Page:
Pleats.. some people love them, some people hate them. If you fall into the second category, you've probably abandoned more than just a few items of pleated clothing to the back of your closet.
But is it really necessary? Is there a way to safely remove pleats without causing irreparable damage? Surprisingly, there is. Depending on the item in question, pleats can often be removed without any ill-effects.
Curious to learn more? Then you've come to the right place. Stay tuned as we guide you through how to safely and easily take pleats out of pants, skirts, dresses, and even jackets.
Maybe a kind relative has treated you to a nice skirt with some ugly pleats. Maybe you've been tempted by a thrift store skirt with a gorgeous pattern but some frumpy pleats at the front. Regardless of how you came by your pleated skirt, there's no need to give up on it.
Those ill-placed pleats needn't be permanent. Best of all, you don't have to be a skilled tailor to get rid of them. With a little knowledge, a pair of scissors, and about 30 minutes of your time, those pleats will be history before you know it.
Love the skirt but hate those pleats? Keep the one but not the other with this easy pleat-removal method.
The more heat and steam you can apply to the marks, the more easily they'll be removed. If the crease lines are still obvious after you've finished ironing, spray them with a mixture of 1 part white vinegar to 3 parts water. If the material is delicate, test the solution on a small, inconspicuous part first.
Life would be so much easier if every question came with a straight yes or no answer. Unfortunately, it doesn't always work that way. Can you remove pleats from pants? It depends...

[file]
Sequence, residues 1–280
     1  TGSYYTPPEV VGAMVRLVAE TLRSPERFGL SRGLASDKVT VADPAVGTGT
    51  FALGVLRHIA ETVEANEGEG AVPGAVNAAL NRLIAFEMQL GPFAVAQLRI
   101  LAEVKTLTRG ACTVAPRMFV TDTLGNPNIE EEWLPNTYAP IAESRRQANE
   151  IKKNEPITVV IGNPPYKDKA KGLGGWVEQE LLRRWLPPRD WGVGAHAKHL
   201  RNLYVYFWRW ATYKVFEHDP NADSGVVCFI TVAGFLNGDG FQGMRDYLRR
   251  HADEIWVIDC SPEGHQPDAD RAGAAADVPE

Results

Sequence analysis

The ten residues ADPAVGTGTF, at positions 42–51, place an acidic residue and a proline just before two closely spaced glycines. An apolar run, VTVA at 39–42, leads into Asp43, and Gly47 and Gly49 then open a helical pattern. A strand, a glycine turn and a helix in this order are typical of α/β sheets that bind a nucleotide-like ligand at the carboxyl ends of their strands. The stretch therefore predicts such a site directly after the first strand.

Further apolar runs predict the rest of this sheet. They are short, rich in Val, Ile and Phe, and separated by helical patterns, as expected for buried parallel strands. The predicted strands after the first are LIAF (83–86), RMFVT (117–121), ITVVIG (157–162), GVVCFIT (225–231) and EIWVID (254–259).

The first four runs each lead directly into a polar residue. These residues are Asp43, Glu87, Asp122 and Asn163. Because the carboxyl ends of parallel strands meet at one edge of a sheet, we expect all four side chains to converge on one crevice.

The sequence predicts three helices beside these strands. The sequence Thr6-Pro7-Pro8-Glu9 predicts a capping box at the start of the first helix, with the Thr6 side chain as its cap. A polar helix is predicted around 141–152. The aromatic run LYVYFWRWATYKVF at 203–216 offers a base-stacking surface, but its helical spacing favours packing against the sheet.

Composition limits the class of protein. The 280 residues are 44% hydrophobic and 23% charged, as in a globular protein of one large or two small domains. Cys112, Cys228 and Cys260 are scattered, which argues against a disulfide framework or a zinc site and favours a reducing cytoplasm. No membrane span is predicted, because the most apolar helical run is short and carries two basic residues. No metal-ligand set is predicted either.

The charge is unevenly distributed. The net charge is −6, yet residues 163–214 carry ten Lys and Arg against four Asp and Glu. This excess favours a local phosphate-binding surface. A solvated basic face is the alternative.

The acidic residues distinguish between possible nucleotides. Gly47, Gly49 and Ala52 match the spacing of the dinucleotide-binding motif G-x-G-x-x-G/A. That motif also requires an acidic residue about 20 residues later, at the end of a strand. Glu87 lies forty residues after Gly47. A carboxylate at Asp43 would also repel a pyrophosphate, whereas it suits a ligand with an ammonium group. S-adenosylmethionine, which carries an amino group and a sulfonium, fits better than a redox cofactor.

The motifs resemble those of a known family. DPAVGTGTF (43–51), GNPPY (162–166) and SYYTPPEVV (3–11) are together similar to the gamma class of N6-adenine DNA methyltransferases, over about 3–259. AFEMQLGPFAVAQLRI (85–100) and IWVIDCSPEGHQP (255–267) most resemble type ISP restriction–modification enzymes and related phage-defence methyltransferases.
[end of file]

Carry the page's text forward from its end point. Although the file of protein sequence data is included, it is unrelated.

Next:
While most pants can be easily altered to remove the pleats, you might come across a problem when you try. When a pleat is added to a pattern, extra fabric is added from the waist to the hem to accommodate the pleat.
Take the pleat out, and you're suddenly facing a lot of excess material. If you simply try to slide this excess fabric out of the side seams, you'll end up distorting the grainline.
Depending on the style of the pants, this might not matter at all. The pants will still be wearable and it would take an eagle eye to spot the distortion. But it's worth bearing in mind that the pair of pants you end up with might look and feel a little different from the pair you started out with.
If you're happy enough to take the chance, then you shouldn't have too many problems in removing the pleats. If the pleats are located at the front or side of the pants, rather than the reverse, so much the better. Pleats like this can make your pants look outdated and frumpy, but can be easily removed with a bit of know-how.
Are pleats making your pants look frumpy? Here's how to remove them.
If you've got a great pattern that's ruined by some pesky pleats, don't panic. Removing the pleats from a pants pattern is actually far less challenging than you might think.
Where the pleat folds, simply fold it toward you and make a dart measuring around 4" in length. If the pleat is wide, you might prefer to divide it into two darts. Make the dart that's farthest out around 0.5 inch shorter than the other. And that's it.